Chekkan's Blog

Organizing Entity Framework Code First Migration Seed Method

July 25, 2014 - 3 min read

I recently started working on a complex ASP.NET MVC 5 Project with Entity Framework 6. This is the first time I am building an actual, to be production ready, deliverable web site on MVC. Of course, there are a lot of challenges and I am battling my way out of each one at a time. One of these challenges was working with Entity Framework and seeding dummy data using code first migration. I found really hard to keep track of the relationships, and the errors were mounting up . And no one wanted to dig their hand into the mess.

Here are three of the most common errors I encountered over and over. Each time I fixed the issue, I didn’t feel in power and fixing it felt like a miracle. Glad that part is over.

The datetime2 to datetime conversion. — Package Manager Console: Have you forgot to initialize a DateTime property with value? — Me: maybe… I don’t know. Which fields did I forget? — Package Manager Console: I am not going to tell you.

Foreign key constraint, insert command terminated — Me: great what was the actual INSERT Statement that caused this issue? So that i can find the seed data and fix it. — Package Manager Console: no, you can’t ask me that question. I wont show you the insert statement.

Sequence contains more than one element (or something of that sort)?

At this point, the Seed method was populating ten different tables, which had very complex relationships in them. The method was more than 200 lines long. Each time we did an Update-Database, we would get an error, that much was guaranteed.

How would you debug the database seeding? I did find some discussions in Stack Overflow around adding logging into the Seed method and using the executable program that comes with code first migration. I did not want to try these methods and see how useful they are. You might want to try these out and probably share it with me here?

But, the way I came up with a solution was by thinking that there is a lot of code in this single method. Is there any way to separate these out and make it easy to work with?

Hence, I started creating classes for each of the tables that needed to get seeded. I later realized that these classes need dependency on other tables because of the foreign keys. I was happy with the end result. I am not sure if this is the best way or if there is an even better way to organize the seed methods. I did not find any anywhere. If there is, please do share them with me.

Here is the Seed method after the clean up

protected override void Seed(Data.McrsDbContext context)
{
  var users = new UserSeedData().ToArray();
  var meetings = new MeetingSeedData(users).ToArray();
  var actions = new ActionSeedData(users, meetings).ToArray();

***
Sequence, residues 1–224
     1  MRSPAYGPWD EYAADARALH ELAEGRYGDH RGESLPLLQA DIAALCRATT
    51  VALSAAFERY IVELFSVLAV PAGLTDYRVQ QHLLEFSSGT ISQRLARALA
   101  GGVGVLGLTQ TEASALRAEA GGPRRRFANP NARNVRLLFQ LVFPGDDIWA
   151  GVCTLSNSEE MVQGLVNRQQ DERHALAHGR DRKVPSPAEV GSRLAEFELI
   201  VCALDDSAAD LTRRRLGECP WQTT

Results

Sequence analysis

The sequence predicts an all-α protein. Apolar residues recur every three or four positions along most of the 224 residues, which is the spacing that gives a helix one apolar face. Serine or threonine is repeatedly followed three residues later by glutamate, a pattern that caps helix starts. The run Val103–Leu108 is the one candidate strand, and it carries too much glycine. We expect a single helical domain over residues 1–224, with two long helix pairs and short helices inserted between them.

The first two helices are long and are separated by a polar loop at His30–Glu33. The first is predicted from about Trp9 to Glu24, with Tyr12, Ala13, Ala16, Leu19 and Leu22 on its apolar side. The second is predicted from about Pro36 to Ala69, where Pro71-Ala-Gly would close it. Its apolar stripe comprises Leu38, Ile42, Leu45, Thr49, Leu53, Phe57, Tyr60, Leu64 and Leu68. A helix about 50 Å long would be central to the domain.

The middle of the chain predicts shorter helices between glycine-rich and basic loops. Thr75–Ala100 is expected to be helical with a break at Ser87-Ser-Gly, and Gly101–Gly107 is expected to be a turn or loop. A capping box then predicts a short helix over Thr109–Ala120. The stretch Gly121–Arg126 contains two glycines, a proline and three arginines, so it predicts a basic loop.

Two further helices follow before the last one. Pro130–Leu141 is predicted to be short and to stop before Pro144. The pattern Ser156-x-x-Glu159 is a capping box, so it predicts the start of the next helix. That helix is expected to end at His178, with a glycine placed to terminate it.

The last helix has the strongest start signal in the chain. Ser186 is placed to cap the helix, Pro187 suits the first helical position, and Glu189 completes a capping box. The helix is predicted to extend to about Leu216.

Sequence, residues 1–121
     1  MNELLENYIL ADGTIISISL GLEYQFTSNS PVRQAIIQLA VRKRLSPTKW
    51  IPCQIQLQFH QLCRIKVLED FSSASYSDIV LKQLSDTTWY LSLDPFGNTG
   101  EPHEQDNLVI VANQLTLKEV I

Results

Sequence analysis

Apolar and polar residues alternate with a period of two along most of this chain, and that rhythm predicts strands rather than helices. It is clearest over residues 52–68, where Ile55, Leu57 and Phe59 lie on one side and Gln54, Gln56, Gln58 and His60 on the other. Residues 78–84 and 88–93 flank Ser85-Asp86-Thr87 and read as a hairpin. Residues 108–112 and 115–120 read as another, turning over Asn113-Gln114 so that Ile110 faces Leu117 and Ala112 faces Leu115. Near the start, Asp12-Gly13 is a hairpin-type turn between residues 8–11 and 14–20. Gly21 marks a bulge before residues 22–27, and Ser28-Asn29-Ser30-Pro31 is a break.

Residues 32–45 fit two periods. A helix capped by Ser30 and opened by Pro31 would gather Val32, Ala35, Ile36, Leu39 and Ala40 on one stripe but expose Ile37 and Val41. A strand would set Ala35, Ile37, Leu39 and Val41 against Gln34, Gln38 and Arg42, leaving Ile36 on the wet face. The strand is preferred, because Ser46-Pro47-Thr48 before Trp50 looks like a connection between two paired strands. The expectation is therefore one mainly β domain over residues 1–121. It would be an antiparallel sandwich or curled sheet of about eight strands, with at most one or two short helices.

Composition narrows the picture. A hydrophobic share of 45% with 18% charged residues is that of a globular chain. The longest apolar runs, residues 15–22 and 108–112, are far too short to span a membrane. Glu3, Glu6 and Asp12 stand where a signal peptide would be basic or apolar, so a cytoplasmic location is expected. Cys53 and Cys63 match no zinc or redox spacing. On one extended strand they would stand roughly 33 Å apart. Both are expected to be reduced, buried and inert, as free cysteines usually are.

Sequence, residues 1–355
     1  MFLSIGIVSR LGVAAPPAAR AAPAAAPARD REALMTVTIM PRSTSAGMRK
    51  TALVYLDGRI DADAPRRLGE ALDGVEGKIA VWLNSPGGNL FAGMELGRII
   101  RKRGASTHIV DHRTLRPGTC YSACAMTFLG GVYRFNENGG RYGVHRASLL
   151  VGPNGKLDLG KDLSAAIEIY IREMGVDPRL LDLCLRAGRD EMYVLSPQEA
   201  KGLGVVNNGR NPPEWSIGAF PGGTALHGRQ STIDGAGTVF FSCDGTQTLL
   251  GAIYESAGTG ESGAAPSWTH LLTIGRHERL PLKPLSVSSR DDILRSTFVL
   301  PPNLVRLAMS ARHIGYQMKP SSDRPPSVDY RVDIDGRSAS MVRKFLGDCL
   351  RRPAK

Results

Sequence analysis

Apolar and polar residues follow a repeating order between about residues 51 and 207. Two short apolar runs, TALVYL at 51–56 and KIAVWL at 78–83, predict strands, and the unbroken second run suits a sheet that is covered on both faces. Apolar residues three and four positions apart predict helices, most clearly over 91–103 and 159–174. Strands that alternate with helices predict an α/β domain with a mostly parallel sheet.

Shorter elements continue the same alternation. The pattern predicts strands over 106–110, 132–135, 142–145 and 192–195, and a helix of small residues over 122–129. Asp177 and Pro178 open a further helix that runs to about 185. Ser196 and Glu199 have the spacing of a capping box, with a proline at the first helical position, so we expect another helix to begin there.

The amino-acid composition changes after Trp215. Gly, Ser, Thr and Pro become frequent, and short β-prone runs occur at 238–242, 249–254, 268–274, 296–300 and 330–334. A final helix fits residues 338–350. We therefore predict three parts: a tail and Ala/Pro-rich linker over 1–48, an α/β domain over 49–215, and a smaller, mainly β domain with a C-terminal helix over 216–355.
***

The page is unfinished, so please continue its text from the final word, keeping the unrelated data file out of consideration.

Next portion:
context.Users.AddOrUpdate(user => user.Id, users);
  context.Meetings.AddOrUpdate(meeting => meeting.Id, meetings);
  context.Actions.AddOrUpdate(log => log.Id, actions);
}

All of the SeedData classes implement IEnumerable. ActionSeedData’s constructor for example, has dependency on both users and meetings. In the code below, I am creating 5 random actions for each meeting.

public class ActionSeedData : IEnumerable<Action>
{
  private readonly List _data = new List();

  public ActionSeedData(User[] users, Meeting[] meetings)
  {
    var r = new Random();

    _data = Enumerable.Range(1, 5*meetings.Count()).Select((a, idx) => new Action
    {
      Id = idx + 1,
      Title = string.Format("Action.{0}.{1}.{2}", r.Next(1, 10), r.Next(1, 10), r.Next(1, 10)),
      CreatedBy = users[r.Next(0, 7)],
      DueDate = DateTime.Now.AddDays(r.Next(1, 10)),
      MeetingId = meetings[r.Next(0, meetings.Count())].Id,
      ...
    }).ToList();
  }

  public IEnumerator GetEnumerator()
  {
    return _data.GetEnumerator();
  }

  IEnumerator IEnumerable.GetEnumerator()
  {
    return GetEnumerator();
  }
}

How is this helping you debug, you might ask. If you get one of the errors mentioned above, you can now easily comment out the bit of context.AddOrUpdate(), run the Update-Database command, and see if that has fixed the issue. You can now narrow down to the specific table which has got the foreign key constraint error or the datetime2 conversion error. Not only that, if you want to spend more time on implementing more complex ways of creating dummy data such as getting a list of phrases from an XML and randomly assigning it to the title of the action? Adding another table to the Seed method should not be a hassle any more. This approach together with logging support should also be interesting.


Harish H. Babu

Written by Harish H. Babu who lives and works in Cardiff engineering software things. You should follow him on Twitter